Bulgaria's competition regulator said the three power distribution companies operating in the country are abusing their dominant position on the local market.
CEZ Razpredelenie Bulgaria, EVN Bulgaria Elektrorazpredelenie and Energo-Pro Grid have been charging unreasonably high prices for access to their low voltage overhead power distribution network, thus restricting and preventing competition, the Commission for Protection of Competition (CPC) said in a statement.
The local units of Czech energy companies CEZ and Energo-Pro and Austria's EVN have been calculating into their tariff for renting out their power distribution grid - which is a non-core business for them - costs which they incur for the provision of core services, according to the commission. This has resulted in inflated prices, it added.
The commission's conclusions cannot be appealed but the power distributors have 30 days to put forth their objections.
Commenting on the regulator's statement later on Tuesday CEZ Razpredelenie Bulgaria denied any wrongdoing.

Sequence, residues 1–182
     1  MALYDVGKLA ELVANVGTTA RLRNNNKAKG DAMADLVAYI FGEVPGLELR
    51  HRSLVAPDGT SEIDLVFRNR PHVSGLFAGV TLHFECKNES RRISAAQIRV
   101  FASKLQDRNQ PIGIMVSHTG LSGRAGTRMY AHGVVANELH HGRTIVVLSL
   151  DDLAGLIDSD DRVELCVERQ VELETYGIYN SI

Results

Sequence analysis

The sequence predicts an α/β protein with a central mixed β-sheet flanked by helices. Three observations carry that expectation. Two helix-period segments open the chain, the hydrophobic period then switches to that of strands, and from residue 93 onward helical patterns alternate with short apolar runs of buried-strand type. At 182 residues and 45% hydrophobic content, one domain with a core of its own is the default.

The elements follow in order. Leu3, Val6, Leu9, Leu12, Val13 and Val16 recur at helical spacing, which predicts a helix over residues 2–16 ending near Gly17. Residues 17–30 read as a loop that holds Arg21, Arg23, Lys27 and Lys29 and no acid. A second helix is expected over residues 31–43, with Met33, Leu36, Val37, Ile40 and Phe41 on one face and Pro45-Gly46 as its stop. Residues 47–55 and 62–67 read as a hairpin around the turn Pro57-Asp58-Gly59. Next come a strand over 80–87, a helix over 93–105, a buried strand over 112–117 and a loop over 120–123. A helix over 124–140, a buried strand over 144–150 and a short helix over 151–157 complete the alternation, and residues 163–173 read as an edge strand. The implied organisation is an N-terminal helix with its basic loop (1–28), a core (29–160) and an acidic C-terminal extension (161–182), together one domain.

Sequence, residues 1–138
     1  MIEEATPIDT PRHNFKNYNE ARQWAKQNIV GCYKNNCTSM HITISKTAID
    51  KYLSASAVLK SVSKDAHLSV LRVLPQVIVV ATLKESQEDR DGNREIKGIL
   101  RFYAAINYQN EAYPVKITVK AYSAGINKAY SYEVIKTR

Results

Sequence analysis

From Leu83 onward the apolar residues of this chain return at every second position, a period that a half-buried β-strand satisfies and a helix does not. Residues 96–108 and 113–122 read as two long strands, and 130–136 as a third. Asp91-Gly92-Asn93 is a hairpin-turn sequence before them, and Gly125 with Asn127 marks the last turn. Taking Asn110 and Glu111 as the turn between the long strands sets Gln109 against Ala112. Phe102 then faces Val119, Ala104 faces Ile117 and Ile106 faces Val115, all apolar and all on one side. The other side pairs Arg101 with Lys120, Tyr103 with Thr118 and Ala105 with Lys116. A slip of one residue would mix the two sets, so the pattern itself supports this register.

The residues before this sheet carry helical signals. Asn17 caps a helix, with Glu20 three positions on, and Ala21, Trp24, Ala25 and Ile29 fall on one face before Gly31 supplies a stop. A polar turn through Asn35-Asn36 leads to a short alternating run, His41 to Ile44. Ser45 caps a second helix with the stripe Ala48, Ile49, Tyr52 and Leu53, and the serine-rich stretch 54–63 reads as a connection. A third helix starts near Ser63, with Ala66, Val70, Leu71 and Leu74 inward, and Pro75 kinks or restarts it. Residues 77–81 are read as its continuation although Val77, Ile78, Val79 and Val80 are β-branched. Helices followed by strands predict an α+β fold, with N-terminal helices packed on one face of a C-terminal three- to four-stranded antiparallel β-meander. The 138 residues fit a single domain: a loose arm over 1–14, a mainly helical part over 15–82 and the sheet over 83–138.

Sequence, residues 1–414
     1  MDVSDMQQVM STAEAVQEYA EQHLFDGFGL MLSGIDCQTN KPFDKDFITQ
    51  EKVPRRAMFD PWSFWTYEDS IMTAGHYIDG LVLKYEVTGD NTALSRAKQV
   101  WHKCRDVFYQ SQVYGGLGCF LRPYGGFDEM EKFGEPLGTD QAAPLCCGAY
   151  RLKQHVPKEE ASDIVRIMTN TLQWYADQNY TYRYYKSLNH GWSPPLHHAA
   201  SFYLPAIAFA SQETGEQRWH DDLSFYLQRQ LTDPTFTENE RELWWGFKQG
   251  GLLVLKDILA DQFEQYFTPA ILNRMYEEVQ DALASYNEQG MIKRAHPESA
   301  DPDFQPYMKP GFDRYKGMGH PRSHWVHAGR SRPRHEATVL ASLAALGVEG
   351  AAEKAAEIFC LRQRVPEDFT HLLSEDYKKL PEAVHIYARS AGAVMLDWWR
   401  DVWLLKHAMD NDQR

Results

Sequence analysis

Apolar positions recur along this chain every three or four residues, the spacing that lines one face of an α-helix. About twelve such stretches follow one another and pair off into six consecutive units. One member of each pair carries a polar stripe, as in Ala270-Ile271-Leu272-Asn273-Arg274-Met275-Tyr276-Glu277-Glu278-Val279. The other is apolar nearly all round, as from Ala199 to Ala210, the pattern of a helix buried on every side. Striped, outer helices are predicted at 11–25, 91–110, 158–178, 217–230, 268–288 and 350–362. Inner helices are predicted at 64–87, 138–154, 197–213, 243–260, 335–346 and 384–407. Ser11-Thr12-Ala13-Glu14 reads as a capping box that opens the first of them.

The electricity poles are property of the company, and the prices for renting them out are economically justified, the company said, adding that its tariff was determined in compliance with the law, based on market principles, and taking into account all related costs.
CEZ Razpredelenie Bulgaria will take all steps to protect the interests of its clients and shareholders, it added.
EVN Bulgaria Elektrorazpredelenie and Energo-Pro Grid too issued statements saying they will file their objections to the competition regulator's decision within the law-prescribed time-frame.
The commission's decision comes as the country's energy regulator is expected to come up with a decision on whether to revoke the three companies' licences.